Don't just tell him to improve his attitude-tell him and show him clearly how to deal with the stress of a jammed up line.

There's a great three-part formula in dealing with problems like this:
1. state the facts of the situation
2. state how those facts affect you, the other workers and/or the overall goals of the group effort
3. describe how you want the situation to be changed and what solutions you will use to get there.

If you speak about the problems from your perspective in a clear, factual way it doesn't sound to the recipient as if you are blaming him (even though he might be the source of the problem), and he's less likely to become defensive and throw blame around to you and others. You are also more likely to get "buy-in" from him to find solutions. Use sentences that begin with "I" or "We" and avoid the word "You" altogether.

Example about how you use this formula:

" I noticed that things got really jammed up last night. I saw that when the ticket rail fill up, people began crossing into others' stations."

"Although, it might seem like a good idea to do this, we need to let the person assigned to the station fill the orders as best he can, and ask someone for the help he needs. Otherwise, everyone gets confused and a bottleneck is created on the line when we need organization and clear heads the most. Comping meals and treats hurts our bottom line and reduces the money available for holiday bonuses and raises at performance review time."

"From now on, when business gets heavy, I want expediters to organize the tickets into groups of ten and call totals of orders to be made to each station, then move on to the next ten when those are put up. Only move into another station if that person asks for help and ask them what they need done to catch up beware of assumptions in this situation." This tactic is just a suggestion as to how to manage the "weeds". Use whatever operational strategy you choose, but be very clear and specific in describing what you expect and how to go about doing it.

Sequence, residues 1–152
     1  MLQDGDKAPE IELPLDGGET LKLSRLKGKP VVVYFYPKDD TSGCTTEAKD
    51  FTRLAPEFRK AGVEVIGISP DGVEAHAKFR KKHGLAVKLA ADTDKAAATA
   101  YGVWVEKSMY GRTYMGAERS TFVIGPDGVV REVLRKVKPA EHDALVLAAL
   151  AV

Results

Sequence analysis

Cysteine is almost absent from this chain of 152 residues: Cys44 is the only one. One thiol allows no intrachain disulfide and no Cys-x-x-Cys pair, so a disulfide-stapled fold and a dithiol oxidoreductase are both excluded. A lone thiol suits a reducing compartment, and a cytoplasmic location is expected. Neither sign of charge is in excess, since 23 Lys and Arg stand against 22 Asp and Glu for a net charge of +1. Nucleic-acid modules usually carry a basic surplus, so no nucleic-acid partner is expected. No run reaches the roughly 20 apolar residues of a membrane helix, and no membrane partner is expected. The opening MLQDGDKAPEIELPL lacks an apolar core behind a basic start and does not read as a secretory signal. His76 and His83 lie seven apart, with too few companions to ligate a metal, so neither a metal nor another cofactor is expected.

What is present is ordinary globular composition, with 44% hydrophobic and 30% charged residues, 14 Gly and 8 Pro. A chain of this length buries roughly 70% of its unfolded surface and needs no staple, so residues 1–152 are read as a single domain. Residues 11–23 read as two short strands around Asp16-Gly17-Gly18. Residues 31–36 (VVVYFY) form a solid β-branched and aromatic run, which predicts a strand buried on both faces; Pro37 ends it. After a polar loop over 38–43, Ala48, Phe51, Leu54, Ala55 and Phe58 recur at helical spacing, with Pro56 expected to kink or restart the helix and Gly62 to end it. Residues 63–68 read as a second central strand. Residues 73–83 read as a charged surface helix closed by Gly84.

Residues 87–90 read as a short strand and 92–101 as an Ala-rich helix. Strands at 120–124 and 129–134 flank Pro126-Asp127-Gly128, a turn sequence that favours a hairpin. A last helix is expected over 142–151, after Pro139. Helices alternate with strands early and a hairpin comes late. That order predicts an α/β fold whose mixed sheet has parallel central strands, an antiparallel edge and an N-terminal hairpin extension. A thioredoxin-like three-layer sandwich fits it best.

post #7 of 9
Thread Starter 
Thanks everyone. As always you guys have the best advice!

Maybe he is trying to be the hero to earn the staff's respect or have the owners notice how much he does, but instead of having that work for him, it's ending up in disaster.

One thing did come to mind... our owners are looking at opening another location in a couple of years and he wants to transfer and be KM there. So maybe he is behaving this way so that he is in their minds when they are thinking about a KM.
OK ... where am I going?.. and WHY am I in this handbasket??
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OK ... where am I going?.. and WHY am I in this handbasket??
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post #8 of 9
I'm not going to opine, but it kinda speaks for itself, no?

You know what you need to do, just a tough decision. sorry.
post #9 of 9
Thread Starter 
That it does....

Part of being management comes with making the tough calls... and I will do what I have to do so that the kitchen runs well. That just said I doubt we will be busy so I might just end up sending people home early and since he opens he will be the first one to go.
OK ... where am I going?.. and WHY am I in this handbasket??
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OK ... where am I going?.. and WHY am I in this handbasket??